Ottawa high-tech firms hang hopes on BlackBerry 10

The much-anticipated release of the BlackBerry 10 today could mean big things for some Ottawa high-tech companies.

BlackBerry 10 released around the world as RIM changes to single 'BlackBerry' brand

Research in Motion CEO Thorsten Heins unveiled the new BlackBerry 10 operating system Wednesday and said the company would be rebranded as "BlackBerry." (Justin Sullivan/Getty Images)

Ottawa-based high-tech firm QNX, which developed much of the new BlackBerry 10, is hoping for a big day as the new smartphone hits the shelves and Research in Motion rebrands itself.

CEO Thorsten Heins revealed the new smartphone just before 10:30 a.m. ET Wednesday. He also announced Research in Motion would no longer exist under that name, but instead it was rebranded as a single brand called "BlackBerry."

Sabastien Marineau, senior VP of software at the company formerly-known as RIM and responsible for all QNX research and development, was at the BlackBerry headquarters in Waterloo, Ont., this week preparing for the launch.

He said the new phone will be good for the company, its affiliates and those looking for work in the high-tech sector.

"This is really the start, not the end, and to continue building on initial software we really need to continue bolstering the teams and hiring great talent," said Marineau.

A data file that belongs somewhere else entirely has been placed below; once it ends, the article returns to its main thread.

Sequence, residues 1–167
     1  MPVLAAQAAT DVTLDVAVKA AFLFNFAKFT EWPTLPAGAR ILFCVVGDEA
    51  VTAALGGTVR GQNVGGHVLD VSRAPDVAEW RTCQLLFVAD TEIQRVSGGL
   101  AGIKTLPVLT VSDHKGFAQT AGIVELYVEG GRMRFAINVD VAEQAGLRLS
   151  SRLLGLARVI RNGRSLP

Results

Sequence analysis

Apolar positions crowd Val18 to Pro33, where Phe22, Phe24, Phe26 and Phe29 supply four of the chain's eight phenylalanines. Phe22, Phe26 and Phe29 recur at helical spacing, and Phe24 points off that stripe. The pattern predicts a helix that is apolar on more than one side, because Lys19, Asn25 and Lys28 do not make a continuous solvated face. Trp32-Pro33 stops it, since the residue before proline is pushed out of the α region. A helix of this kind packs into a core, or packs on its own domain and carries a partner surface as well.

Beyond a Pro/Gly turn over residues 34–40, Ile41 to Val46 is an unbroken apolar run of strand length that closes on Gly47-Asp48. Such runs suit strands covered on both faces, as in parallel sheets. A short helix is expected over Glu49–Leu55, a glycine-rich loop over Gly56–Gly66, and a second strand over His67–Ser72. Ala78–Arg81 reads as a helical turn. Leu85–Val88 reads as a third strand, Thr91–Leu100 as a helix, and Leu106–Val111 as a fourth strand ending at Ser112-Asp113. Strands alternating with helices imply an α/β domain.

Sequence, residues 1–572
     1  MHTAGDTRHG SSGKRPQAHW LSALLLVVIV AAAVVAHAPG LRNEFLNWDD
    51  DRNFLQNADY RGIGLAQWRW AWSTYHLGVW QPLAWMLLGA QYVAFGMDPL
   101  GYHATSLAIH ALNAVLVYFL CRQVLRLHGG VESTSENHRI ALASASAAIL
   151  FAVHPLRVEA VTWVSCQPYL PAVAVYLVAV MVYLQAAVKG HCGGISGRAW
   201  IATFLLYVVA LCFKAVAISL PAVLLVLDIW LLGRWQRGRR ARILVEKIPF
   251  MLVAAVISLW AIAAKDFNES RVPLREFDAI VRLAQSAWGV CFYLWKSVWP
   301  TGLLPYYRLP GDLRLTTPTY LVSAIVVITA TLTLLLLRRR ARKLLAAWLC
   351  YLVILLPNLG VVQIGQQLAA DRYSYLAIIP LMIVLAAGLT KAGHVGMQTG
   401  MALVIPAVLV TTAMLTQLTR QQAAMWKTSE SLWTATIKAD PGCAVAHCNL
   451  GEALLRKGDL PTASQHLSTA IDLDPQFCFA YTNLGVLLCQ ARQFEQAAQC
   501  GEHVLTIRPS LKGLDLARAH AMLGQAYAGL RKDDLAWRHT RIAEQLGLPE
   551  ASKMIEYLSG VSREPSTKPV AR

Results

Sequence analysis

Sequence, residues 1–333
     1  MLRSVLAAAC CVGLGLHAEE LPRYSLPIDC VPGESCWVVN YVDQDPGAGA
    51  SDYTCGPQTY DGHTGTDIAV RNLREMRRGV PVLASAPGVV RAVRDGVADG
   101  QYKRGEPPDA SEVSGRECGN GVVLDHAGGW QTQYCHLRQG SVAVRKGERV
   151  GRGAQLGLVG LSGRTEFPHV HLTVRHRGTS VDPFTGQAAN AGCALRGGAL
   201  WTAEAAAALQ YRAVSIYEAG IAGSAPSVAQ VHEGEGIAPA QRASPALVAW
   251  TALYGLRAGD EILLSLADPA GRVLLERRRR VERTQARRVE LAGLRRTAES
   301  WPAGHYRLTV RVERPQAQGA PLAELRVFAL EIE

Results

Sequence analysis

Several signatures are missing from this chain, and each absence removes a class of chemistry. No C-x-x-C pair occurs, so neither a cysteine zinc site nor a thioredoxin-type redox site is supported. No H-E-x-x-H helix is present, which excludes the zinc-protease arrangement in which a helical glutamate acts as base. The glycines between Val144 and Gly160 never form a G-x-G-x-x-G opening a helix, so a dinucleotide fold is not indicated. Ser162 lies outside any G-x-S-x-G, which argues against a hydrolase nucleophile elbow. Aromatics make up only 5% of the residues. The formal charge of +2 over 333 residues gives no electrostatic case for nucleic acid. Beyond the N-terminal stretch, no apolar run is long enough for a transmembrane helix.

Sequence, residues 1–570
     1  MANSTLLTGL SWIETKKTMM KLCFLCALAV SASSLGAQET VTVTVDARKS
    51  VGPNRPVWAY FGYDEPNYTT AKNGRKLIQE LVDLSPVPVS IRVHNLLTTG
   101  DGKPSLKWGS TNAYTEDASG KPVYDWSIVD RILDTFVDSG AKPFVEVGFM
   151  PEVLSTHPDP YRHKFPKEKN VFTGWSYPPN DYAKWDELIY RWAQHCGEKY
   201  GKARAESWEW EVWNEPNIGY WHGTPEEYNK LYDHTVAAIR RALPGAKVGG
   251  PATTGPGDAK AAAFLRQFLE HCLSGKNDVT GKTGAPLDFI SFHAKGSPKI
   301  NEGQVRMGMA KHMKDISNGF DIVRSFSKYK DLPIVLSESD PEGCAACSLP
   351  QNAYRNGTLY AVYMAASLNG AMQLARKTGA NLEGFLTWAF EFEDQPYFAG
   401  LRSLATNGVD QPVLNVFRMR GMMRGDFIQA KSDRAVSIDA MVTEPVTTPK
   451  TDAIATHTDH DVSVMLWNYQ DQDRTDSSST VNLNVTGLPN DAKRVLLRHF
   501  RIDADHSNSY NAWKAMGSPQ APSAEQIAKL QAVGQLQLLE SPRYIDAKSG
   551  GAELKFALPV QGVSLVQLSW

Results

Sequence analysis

"We typically have in our software division a couple hundred positions that are posted."

Professor Barry Cross, who teaches business at Queen's University, is also a former executive with Magna International, Autosystems Manufacturing and DuPont.

He said any little glitches that might pop up with the new Blackberry 10 need to be resolved immediately.

Cross also said one new product will not turn BlackBerry around but if the company does it right, it should be able to capitalize on the positive attention.

"The need to follow it up in six months, nine or 12 months with the next product or the next device and just keep moving in the right direction," he said.

Tech companies leaning heavily on BlackBerry revival

In Ottawa, software developer Macadamian, whose clients include Cisco, Microsoft, BitTorrent, Kobo and Telus, is hitching its wagon on BlackBerry's ride.

Of its 200 employees located in offices in Gatineau, Que., Silicon Valley in San Jose, Calif., Romania and Armenia, a quarter of them are working on applications for the new BlackBerry 10.

CEO Frédéric Boulanger left Corel 15 years ago and started Macadamian in a tiny 1,000-square-foot space. The Gatineau office is now a sprawling 10,000-square-foot space that, among other things, creates apps — a $17 million per year business.

Boulanger said he is confident BlackBerry 10 will return BlackBerry, if not to the top where it once was, at least into a competitive position against the Apple and Samsung devices that delivered a knockout punch to the tech giant. 

"Being number one, they didn't really see or listen to what was going on in the market and I can assure you now that this is behind them. They really have been humbled by the experience," he said.

"They're building their way back up and (BlackBerry 10) is certainly promising."